University Isn’t a Waiting Period

Two girls smiling in Christmas wear
Kaitlin (L) and Emily (R)

“University isn’t a waiting period for the rest of my life!” exclaimed Kaitlin one Friday morning.

She and I have been meeting regularly to discuss apprenticeship to Jesus through our joint passions for social justice and missions. We’ve chosen to work through a Bible study from the International Navigators’ Poverty, Corruption and Injustice Taskforce team to see how we can grow through integrating faith with these passions.

Kaitlin’s comment came out of a time of meditation, or thinking intensely, about the reality that God himself, in the person of Jesus, came to Earth. He lived, worked and played, just like us.

God himself was a child, sibling, neighbour, employee, friend and so much more.

We too are children, siblings, neighbours, employees, friends and so much more.

If God himself took on human form, this has huge implications for our lives.

The Word became flesh and blood, and moved into the neighborhood. We saw the glory with our own eye, the one-of-a-kind glory, like Father, like Son, generous inside and out, true from start to finish.

John 1:14 (The Message)

Kaitlin: Mission begins the moment we say “yes” to Jesus

This process of exploration into full life discipleship has caused a huge perspective shift for me.

Where I previously considered my university time solely as a season of preparation for the future mission God would take me on, I now see my shared mission started the moment I said yes to Jesus.

Missions is so much more all-encompassing than I previously thought. I am learning God’s heart is to work in my day-to-day experiences and relationships, rather than only in a mission field or church building.

This has led to many honest and exciting conversations with friends who [have] yet to know Jesus. Along with my classes, I work in a company staffed almost entirely by university students. Because of the nature of my job, these students have become some of the central people with whom I regularly interact. It’s been a blessing to have many conversations with them about faith and life.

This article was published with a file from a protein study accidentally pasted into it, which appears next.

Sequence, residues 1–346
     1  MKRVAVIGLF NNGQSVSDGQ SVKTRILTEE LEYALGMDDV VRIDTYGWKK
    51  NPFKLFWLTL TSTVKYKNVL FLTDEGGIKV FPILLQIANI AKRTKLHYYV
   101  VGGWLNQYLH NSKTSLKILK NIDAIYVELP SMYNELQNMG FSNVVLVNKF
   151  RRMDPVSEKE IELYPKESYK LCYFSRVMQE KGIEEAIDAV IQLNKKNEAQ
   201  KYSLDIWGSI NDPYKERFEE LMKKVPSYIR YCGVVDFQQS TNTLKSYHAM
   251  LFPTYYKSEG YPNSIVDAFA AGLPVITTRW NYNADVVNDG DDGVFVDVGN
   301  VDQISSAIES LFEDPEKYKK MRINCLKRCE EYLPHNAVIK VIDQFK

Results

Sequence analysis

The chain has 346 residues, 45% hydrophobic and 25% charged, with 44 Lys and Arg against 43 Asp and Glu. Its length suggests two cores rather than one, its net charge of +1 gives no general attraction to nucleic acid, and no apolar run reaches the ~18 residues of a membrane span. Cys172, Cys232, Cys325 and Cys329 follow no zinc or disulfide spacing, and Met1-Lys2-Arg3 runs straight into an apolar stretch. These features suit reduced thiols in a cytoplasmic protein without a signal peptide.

My district manager and I have had some amazing conversations. Coming from a strong scientific humanist perspective, coupled with some distant family religion, my manager once asked me this question.

“Although I can see the value of religion for community and moral guidance, do you actually believe in this Jesus guy and the virgin birth and all that?”

Questions like these have created some amazing conversations about Jesus.

This deep dive into whole life discipleship has taught me to be satisfied with the simplicity of the gospel. This means Jesus works through my regular interactions, instead of just grandiose missions activities. This switch encourages me to engage my friends and coworkers with the same passion and expectations I would bring to “big missional activities”.

– Kaitlin Alger

 

Kaitlin’s realization about her time in university is one of many examples we see every day. These experiences are why it’s so important to meet faithfully and individually with students. These times together don’t just affect one person – they also affect families, friend groups and people in the farthest reaches of the world who come to deeply experience Jesus’ love. The gospel of Jesus and His Kingdom flows freely through relational networks like these.

Students like Kaitlin are developing a holistic understanding of discipleship for themselves, those they interact with and for the nations.

Thank you for being faithfully present!

Note: If you are interested in a Bible study on poverty, corruption and injustice similar to the one Emily mentions in this article, it’s available here as a free download from The Navigators’ Poverty, Corruption and Injustice Taskforce.

Emily Lorentz is the campus director for the Carleton University Navigator student group, and leads the Navigator group at the University of Ottawa.

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